Fiscal Decentralisation and Inclusive Growth

image of Fiscal Decentralisation and Inclusive Growth

Intergovernmental fiscal frameworks, as considered by the OECD Network on Fiscal Relations Across Levels of Government, are a core driver of inclusive growth. Certain institutions and policies can contribute to a more equitable distribution of economic gains across jurisdictions and income groups, such as equalisation systems. In particular, the quality of public sector outcomes depends on how responsibilities and functions such as education or health care are shared across government levels. This implies that intergovernmental fiscal frameworks, which drive the division of roles of the central and sub-national governments, critically influence growth and the inclusiveness of an economy. This book brings together academics and practitioners to address key aspects of intergovernmental fiscal relations and country experience, as they relate to inclusive growth.



Fiscal decentralisation and inclusive growth: An overview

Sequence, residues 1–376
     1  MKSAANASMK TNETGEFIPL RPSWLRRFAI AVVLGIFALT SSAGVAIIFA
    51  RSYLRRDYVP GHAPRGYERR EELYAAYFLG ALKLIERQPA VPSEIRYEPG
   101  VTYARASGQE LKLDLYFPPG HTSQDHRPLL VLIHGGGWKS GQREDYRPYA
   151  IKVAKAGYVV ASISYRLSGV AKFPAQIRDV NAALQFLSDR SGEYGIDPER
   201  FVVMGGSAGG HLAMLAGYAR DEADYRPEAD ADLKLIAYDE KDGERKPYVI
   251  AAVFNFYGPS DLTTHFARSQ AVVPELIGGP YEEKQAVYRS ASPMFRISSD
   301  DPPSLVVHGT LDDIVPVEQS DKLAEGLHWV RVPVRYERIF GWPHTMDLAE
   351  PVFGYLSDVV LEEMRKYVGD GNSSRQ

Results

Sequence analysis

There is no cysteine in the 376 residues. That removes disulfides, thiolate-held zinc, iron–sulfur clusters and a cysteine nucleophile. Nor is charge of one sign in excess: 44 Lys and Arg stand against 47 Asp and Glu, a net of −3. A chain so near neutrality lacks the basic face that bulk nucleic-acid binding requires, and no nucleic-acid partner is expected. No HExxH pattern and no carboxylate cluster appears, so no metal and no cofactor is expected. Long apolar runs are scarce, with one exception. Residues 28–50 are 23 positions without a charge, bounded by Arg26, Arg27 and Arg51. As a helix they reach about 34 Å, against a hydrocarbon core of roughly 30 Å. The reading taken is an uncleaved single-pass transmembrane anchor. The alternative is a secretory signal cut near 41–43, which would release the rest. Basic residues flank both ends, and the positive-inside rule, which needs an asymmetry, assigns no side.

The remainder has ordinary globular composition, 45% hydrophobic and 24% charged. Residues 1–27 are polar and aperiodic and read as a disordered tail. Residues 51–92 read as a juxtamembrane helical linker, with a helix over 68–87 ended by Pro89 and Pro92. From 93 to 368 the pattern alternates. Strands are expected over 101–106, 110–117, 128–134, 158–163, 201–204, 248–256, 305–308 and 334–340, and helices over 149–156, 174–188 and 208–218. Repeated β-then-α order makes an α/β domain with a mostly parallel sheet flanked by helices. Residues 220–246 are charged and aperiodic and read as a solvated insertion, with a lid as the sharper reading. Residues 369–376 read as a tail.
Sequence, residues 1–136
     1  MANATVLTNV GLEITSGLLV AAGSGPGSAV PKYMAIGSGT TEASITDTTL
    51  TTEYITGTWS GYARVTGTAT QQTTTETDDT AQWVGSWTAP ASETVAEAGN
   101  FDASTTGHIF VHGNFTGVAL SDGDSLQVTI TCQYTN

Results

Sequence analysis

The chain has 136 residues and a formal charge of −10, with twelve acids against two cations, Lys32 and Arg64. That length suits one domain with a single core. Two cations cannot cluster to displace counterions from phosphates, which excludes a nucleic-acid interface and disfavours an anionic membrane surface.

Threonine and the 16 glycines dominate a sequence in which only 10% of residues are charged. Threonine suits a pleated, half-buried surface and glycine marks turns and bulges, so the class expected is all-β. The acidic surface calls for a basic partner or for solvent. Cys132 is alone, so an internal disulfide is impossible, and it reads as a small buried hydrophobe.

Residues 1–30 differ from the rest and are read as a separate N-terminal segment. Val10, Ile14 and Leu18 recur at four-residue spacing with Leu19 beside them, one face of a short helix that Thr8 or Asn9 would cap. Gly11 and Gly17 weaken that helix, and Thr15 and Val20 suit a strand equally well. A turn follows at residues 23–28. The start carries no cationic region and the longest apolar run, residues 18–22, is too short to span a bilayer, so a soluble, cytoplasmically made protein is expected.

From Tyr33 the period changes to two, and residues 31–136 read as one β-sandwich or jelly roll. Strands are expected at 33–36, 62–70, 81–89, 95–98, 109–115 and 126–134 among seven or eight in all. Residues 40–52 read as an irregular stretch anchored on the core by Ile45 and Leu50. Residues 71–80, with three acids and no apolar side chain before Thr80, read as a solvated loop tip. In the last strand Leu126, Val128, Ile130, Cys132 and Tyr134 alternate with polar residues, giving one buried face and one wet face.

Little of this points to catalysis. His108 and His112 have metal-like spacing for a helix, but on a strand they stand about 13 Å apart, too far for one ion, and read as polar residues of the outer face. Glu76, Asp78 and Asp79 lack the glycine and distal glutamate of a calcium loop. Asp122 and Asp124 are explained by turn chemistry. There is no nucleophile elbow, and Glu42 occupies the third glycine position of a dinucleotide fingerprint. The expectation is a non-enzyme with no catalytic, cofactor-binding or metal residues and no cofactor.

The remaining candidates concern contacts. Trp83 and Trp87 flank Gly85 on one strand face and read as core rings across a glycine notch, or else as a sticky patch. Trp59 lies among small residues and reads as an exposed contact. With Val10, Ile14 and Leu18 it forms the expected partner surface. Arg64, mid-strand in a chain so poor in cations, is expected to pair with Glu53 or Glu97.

Inclusive growth is now high on government agendas in many countries. This chapter provides an overview of the role of fiscal decentralisation for inclusive growth. Considering the large size of sub-national spending, the potential of fiscal decentralisation to enhance efficiency and equity is significant. But there are competing theories on the effect of fiscal decentralisation: according to normative public finance theory, fiscal equalisation has an important role to play for equity and efficiency. On the other hand, political economy theory suggests that reducing the vertical fiscal gap is good for government performance and economic growth. The empirical literature also shows mixed results. However, many empirical studies show that the interaction between fiscal decentralisation and institutions, the stage of economic development and political economy constraints exercise important roles in determining the success of fiscal decentralisation. Rather than rely on “one size fit all” prescriptions, policymakers should consider the importance of institutional complementarities to reap the full potential of fiscal decentralisation.


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